The result of all this upon our regiments is demoralizing to an extent you can scarcely conceive. The torrent of North Carolina blood shed in the battles of last summer washed out the stain left upon the State by the defeats of Roanoke[4] and New Berne[5], and I found her on my return highest among the high. I regret to say that the suspicion cast upon her by the misconduct of a few unworthy sons has undone everything. I sympathize with every party in its efforts to arrest the first step of our Government toward despotic power, and even abuse of the Confederate Government I consider a matter of comparative indifference, though it had as well be left out, but I have no manner of sympathy with those who overlook their country in their opposition to a government or a party. I would rather see the whole State desolated as Virginia is than dishonored by a feeble effort to look back on its escape from the Yankee Sodom. I write this to you because you are the only person in the State having sufficient influence, as I think, to reform matters. It is absolutely necessary to bring the public opinion again to the condition of patiently and manfully meeting those trials which every people struggling for independence must meet; and so far as the army is to convince them that a man who meanly deserts them in the face of the enemy will be met at home with scorn and speedily returned to deserved punishment. I found in Duplin a company organized for this express purpose, and there was consequently only one straggler in the county, and he hid in Holly Shelter Swamp. Cannot similar organizations be made in the rest of the States? The great majority of my brigade would shoot a deserter as quick as they would a snake, but our place is here and not in the rear. Unless something of the sort is done I fear the conscript call will be extended to forty-five, which is unnecessary as well as unadvisable. I sent fifty men into Randolph to bring back all deserters, dead or alive, but I fear they will meet with poor success until the citizens can be induced to take an active part in the matter. Nor can I spare men for such a purpose. If a strong arm is required I doubt not that General Hill will furnish the men, as we have nearly as many troops in North Carolina as the Yankees have, since the discharge of their two-years’ men. I assure you we need every man with his colors, if a peace is to be conquered this summer.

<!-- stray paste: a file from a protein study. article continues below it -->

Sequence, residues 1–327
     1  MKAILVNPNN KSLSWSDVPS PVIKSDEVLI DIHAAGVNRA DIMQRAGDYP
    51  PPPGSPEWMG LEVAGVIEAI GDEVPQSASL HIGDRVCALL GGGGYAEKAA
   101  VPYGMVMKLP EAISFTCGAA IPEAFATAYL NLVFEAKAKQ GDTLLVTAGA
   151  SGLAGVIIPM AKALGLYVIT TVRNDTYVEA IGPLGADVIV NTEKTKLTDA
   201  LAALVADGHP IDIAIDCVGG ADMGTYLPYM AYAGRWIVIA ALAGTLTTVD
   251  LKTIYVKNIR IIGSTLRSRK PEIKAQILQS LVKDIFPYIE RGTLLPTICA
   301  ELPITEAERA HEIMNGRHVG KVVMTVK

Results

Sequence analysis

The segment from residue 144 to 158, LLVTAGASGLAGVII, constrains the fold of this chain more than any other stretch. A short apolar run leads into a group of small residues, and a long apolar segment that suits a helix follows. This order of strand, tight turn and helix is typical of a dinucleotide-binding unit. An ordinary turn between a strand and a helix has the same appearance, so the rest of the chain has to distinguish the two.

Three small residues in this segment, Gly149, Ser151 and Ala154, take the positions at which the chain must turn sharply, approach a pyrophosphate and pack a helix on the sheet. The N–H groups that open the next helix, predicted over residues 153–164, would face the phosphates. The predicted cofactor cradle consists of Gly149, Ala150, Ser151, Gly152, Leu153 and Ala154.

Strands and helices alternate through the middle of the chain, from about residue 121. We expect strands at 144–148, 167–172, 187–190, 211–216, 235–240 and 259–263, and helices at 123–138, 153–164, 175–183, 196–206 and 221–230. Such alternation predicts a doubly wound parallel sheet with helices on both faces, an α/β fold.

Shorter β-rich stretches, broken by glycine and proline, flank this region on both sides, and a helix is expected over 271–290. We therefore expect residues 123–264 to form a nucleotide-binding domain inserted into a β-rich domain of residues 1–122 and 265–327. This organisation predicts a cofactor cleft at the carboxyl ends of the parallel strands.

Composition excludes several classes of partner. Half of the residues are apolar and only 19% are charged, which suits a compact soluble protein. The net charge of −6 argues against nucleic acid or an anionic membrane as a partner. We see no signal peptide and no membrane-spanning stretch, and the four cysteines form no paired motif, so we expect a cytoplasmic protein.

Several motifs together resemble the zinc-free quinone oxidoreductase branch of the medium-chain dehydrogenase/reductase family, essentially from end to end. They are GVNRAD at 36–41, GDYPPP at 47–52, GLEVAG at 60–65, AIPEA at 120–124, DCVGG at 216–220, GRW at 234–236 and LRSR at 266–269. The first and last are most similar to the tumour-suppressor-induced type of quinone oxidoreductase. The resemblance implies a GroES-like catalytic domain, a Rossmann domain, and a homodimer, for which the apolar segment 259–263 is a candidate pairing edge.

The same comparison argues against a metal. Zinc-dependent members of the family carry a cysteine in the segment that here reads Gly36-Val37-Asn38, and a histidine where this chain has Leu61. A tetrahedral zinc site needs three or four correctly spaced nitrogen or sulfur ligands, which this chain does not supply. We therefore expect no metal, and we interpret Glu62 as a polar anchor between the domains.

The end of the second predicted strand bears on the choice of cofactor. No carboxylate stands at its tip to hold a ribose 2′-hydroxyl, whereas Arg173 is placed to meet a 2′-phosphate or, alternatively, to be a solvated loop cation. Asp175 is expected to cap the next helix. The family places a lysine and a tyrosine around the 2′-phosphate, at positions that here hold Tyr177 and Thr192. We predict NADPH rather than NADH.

Very respectfully, your obedient servant,